Glimpse of History from ANCL Archives:
Mahatma Gandhi - Father of non-violence and apostle of peace
Mohandas Karamchand Gandhi October 2, 1869, January 30, 1948).
He was born in Porbandar, Gujarat, India and died in New Delhi.
Mohandas Karamchand (October 2, 1869 and January 30, 1948) was a major
political and spiritual leader of the Indian Independence Movement and
known for his non-violent nature of campaign using satyagraha and
resistance through mass civil disobedience strongly founded upon ahinsa
(non-violence) becoming one of the strongest philosophers of freedom
He is fondly called Bapu (in Gujarati, Father). Gandhi first employed
his ideas of civil disobedience in the Indian struggle for civil rights
in South Africa. Upon his return to India, Gandhi helped lead poor
farmers and labourers to protest oppressive taxation and widespread
Leading the Indian National Congress, Gandhi worked for the
alleviation of poverty, the liberation of women, brotherhood, an end to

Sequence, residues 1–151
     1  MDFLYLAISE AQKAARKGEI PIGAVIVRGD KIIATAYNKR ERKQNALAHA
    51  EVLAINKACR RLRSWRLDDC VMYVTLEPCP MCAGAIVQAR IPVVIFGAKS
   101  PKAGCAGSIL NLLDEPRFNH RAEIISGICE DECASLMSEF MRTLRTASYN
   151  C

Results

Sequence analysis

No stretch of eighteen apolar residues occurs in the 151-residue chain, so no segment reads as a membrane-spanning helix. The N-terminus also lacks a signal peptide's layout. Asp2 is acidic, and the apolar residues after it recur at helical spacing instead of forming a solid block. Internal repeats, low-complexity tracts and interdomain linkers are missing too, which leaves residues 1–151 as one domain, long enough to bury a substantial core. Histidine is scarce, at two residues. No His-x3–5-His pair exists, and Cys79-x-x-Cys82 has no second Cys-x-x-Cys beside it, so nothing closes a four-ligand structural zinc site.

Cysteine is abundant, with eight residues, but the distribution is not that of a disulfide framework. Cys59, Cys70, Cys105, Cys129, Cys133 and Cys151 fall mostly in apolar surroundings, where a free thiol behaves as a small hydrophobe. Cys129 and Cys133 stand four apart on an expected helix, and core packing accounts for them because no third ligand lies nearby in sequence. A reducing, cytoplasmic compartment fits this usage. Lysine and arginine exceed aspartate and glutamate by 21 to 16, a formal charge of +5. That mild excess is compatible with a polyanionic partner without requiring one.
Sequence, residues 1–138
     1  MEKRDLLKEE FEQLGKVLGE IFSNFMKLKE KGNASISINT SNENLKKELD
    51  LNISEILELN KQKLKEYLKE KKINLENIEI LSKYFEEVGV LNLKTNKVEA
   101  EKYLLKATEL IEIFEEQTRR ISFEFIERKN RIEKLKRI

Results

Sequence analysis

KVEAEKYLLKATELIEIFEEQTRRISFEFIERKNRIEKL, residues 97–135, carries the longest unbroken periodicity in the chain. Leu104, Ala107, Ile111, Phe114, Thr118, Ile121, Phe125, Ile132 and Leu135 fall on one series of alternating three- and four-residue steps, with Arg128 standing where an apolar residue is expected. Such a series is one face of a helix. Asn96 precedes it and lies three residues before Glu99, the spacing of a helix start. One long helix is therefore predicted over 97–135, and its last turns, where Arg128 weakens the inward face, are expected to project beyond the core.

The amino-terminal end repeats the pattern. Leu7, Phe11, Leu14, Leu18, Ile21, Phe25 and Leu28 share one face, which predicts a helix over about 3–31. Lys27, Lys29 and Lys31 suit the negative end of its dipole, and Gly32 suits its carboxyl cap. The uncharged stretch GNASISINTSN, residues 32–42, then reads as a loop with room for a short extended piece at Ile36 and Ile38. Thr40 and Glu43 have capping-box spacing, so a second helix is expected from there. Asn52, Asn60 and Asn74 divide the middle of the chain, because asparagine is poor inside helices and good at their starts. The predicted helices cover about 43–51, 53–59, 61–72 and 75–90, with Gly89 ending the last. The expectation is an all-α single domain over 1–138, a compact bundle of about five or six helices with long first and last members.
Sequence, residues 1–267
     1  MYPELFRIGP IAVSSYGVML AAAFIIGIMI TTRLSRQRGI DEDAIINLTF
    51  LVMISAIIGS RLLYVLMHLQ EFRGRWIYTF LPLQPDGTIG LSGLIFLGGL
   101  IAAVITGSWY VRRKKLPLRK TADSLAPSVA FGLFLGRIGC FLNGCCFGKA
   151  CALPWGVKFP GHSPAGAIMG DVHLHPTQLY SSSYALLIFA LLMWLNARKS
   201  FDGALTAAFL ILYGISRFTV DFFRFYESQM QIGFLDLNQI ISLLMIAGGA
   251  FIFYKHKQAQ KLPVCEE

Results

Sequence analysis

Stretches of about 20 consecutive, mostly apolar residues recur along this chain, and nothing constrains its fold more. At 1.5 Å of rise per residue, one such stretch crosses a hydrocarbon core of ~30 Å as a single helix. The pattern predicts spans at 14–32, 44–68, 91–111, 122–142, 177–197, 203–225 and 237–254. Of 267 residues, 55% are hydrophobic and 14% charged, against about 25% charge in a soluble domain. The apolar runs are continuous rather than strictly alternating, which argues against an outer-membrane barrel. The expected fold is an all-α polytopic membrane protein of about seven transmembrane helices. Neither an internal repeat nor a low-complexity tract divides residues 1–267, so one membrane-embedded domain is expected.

untouchability and caste discrimination and for the economic
self-sufficiency of the nation.
However, Gandhi selflessly worked towards the goal of Swaraj or
self-rule for India. One of his famous marches was one which led Indians
in the disobedience to the salt tax through the 400 kilometres (248
miles) Dandi March, and in an open call for the British to quit India in
1942. Gandhi remained committed to non-violence even in the most extreme
Gandhi was a student of Hindu philosophy and lived simply, organizing
an ashram that was self-sufficient in its needs. He made his own clothes
and lived on a simple vegetarian diet. He used rigorous fasts for
self-purification as well as a means of protest.
Gandhi's teachings have inspired and influenced civil rights leaders
such as Dr. Martin Luther King, Jr., Steve Biko, Nelson Mandela and Aung
San Suu Kyi. Gandhi is honored as the Father of the Nation in India. His
birthday on October 2nd is annually commemorated as Gandhi Jayanti, a